Dubbo drought farmer - Tink family
Dubbo drought farmer - Tink family

$4bn demand for new dams as towns risk running dry

EXCLUSIVE: The NSW government has asked the Commonwealth to "dust off the chequebook" and contribute federal funds to almost $4 billion in long-term water projects in a bid to "share the burden" of the crippling drought.

Regional centres including Tamworth, Dubbo and Bathurst are all at risk of running out of water in the next 12 months if the drought - currently impacting 97 per cent of the state - continues.

While the State Government is desperately trying to ensure does not happen through emergency short term measures, it has now turned to the Federal Government to support long term water storage projects though its Commonwealth Governments National Infrastructure Development Fund

The NSW government has asked the Commonwealth to contribute to these water projects.
The NSW government has asked the Commonwealth to contribute to these water projects.


NSW Water Minister Melinda Pavey wrote to Deputy Prime Minister Michael McCormack on Tuesday outlining the state's priority projects including $1.3 billion to raise the Pindari Dam, $756 million for an inter-basin transfer upstream of Chaffey Dam, $484 million for a new Dungowan Dam in Tamworth and $355 million for a new dam in the Northern Tablelands.

Ms Pavey said it was time for the projects investigated by WaterNSW to become reality if the state is to "survive and thrive in the future".

"As climate extremes bite with hotter longer droughts punctuated by big floods it is absolutely critical that we build water conservation measures that can cope with these extremes," she said.

NSW Water Minister Melinda Pavey has written to the Federal Government asking for dam funds.
NSW Water Minister Melinda Pavey has written to the Federal Government asking for dam funds.

Ms Pavey said new and larger dams, including underground dams, would mean more water could be stored during floods actually increase river flows during droughts helping farmers, industry and native fish.

The fresh demands from the state government follow a Communique from The Daily Telegraph's Bush Summit held last month, calling for the prioritisation of new water infrastructure projects immediately.

Deputy Premier John Barilaro said the state needed to be "bold" in building water infrastructure.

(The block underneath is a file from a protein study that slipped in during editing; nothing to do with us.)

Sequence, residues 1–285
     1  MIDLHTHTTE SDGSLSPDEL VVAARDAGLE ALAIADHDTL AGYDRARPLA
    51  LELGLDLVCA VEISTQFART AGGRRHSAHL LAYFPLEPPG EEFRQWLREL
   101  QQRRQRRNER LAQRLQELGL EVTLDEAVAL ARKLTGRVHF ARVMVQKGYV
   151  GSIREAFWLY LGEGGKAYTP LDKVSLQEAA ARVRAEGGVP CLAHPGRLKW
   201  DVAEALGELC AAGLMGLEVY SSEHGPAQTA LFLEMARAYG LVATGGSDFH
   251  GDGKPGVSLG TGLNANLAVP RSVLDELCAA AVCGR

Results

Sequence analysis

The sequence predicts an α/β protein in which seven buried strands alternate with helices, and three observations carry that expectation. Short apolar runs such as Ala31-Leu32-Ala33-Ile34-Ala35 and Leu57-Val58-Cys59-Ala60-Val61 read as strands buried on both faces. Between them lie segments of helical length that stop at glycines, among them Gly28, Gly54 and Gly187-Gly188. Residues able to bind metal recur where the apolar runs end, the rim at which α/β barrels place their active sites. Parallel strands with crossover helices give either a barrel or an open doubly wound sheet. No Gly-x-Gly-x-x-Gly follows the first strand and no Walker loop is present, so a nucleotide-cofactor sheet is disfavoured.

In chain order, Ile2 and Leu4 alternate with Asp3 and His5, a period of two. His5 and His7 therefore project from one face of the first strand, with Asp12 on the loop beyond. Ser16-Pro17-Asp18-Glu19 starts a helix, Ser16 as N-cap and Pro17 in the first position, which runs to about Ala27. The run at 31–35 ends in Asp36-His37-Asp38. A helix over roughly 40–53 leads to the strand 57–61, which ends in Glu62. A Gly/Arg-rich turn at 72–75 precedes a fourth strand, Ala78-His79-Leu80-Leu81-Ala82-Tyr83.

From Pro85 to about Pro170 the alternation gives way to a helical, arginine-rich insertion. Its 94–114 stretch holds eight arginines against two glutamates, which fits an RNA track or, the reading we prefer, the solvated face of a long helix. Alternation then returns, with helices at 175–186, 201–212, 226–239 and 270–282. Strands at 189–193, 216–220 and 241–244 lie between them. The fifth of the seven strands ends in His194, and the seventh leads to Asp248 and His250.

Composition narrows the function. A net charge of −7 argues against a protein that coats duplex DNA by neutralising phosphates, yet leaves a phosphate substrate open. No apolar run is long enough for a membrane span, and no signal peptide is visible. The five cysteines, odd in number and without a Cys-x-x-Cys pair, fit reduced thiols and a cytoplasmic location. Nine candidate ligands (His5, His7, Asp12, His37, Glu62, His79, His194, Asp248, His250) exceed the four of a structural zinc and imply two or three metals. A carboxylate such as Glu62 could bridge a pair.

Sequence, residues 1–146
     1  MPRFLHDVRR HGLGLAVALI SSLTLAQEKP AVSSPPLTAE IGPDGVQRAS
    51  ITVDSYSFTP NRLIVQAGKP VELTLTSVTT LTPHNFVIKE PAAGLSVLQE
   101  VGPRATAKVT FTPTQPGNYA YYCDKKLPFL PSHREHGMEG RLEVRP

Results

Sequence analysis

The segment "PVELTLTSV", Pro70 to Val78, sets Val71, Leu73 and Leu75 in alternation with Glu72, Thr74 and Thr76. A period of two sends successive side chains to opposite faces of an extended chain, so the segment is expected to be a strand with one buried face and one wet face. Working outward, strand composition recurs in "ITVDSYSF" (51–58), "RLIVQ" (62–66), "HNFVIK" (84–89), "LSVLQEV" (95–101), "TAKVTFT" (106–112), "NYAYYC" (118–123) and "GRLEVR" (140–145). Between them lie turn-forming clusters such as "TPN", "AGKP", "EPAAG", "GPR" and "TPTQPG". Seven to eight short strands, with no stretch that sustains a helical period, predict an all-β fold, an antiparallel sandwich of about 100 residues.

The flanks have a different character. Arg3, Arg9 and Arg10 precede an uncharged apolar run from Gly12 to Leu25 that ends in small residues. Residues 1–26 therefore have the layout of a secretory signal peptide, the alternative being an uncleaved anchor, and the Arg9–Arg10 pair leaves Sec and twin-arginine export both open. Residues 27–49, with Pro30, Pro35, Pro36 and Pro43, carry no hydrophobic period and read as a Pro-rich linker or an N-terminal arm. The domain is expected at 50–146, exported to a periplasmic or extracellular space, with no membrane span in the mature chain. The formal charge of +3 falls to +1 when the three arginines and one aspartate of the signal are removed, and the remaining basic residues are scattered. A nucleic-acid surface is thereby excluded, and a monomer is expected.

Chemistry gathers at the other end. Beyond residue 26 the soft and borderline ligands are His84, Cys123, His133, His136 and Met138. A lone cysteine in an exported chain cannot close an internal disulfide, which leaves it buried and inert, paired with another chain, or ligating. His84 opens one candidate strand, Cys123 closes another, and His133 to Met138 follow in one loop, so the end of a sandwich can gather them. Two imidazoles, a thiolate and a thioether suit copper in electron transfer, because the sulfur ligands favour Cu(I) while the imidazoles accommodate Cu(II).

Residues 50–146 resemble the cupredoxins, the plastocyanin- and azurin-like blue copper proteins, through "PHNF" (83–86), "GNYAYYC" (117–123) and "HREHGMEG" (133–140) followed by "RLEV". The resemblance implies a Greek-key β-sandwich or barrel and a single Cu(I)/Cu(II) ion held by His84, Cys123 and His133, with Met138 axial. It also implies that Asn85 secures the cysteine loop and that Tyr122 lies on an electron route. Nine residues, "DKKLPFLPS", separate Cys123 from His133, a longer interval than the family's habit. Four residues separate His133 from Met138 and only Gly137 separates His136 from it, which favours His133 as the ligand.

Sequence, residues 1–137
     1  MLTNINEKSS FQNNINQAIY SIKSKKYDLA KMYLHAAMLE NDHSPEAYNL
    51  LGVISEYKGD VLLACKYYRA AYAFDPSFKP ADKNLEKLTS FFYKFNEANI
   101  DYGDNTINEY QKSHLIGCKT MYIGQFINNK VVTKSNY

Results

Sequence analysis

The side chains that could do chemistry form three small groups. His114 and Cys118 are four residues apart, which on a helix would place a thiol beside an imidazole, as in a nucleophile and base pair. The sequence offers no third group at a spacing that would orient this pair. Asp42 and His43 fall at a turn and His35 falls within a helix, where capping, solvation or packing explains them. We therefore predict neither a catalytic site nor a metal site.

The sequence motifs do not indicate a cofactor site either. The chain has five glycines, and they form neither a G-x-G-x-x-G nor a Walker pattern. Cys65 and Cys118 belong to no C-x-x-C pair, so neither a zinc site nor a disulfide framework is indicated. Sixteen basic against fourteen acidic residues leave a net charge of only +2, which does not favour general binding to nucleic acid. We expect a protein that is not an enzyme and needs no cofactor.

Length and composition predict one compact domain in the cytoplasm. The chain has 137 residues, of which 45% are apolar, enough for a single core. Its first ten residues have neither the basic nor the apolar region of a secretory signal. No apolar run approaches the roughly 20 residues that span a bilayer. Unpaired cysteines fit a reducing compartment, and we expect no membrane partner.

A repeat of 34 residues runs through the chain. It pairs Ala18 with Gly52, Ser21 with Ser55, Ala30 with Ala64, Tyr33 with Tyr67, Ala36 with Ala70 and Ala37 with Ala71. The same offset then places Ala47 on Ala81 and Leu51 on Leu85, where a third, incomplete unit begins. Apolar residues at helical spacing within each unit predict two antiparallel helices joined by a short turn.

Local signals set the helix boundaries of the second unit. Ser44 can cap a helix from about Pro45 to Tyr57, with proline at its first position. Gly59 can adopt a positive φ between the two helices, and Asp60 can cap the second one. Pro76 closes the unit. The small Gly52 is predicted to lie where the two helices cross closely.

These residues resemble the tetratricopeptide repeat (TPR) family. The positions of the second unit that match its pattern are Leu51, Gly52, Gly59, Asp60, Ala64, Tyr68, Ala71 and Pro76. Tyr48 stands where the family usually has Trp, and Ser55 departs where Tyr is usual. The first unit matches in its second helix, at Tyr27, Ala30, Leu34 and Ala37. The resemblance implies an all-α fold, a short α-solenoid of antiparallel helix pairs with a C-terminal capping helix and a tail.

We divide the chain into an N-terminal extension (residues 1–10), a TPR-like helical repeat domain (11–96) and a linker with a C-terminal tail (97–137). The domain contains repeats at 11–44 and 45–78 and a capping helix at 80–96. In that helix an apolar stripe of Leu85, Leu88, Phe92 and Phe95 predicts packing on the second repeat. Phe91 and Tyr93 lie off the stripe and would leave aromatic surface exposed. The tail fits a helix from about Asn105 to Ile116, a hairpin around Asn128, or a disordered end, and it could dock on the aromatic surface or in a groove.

"That is the lesson of this drought. If we don't do it now, we never will," he said.

Mr Barilaro said there were "serious concerns" about the availability of water supply in regional NSW.

Farmer Peter Stuckey, 44, said many landowners are doing it tough in the drought-declared area of Condobolin, NSW. Picture: Jonathan Ng
Farmer Peter Stuckey, 44, said many landowners are doing it tough in the drought-declared area of Condobolin, NSW. Picture: Jonathan Ng

Across regional NSW towns are being placed on extreme water restrictions.

Tamworth residents are on Level 4 restrictions meaning they can't fill pools, wash cars or water gardens, and Bathurst residents will be placed onto the same level in October.

The Chifley Dam which provides town water to Bathurst is at 42 per cent - almost half as much as the same time two years ago.

Meanwhile Dubbo has just gone on to Level 2 restrictions, as the Burrendong Dam water level dropped to just five per cent.

The NSW Government has already committed $30 million to investigate new ground water for Dubbo, and has a $15 million emergency fund to cart water to struggling small towns.



What’s next for petition now it’s been tabled in parliament?

premium_icon What’s next for petition now it’s been tabled in parliament?

Now the petition has been tabled in parliament, what happens next ?

Staff, students to walkout in global climate strike

premium_icon Staff, students to walkout in global climate strike

Local businesses have thrown their support behind the event.

Man charged with indecent assault of a young girl in a shop

premium_icon Man charged with indecent assault of a young girl in a shop

A 49-year-old man will appear in court today.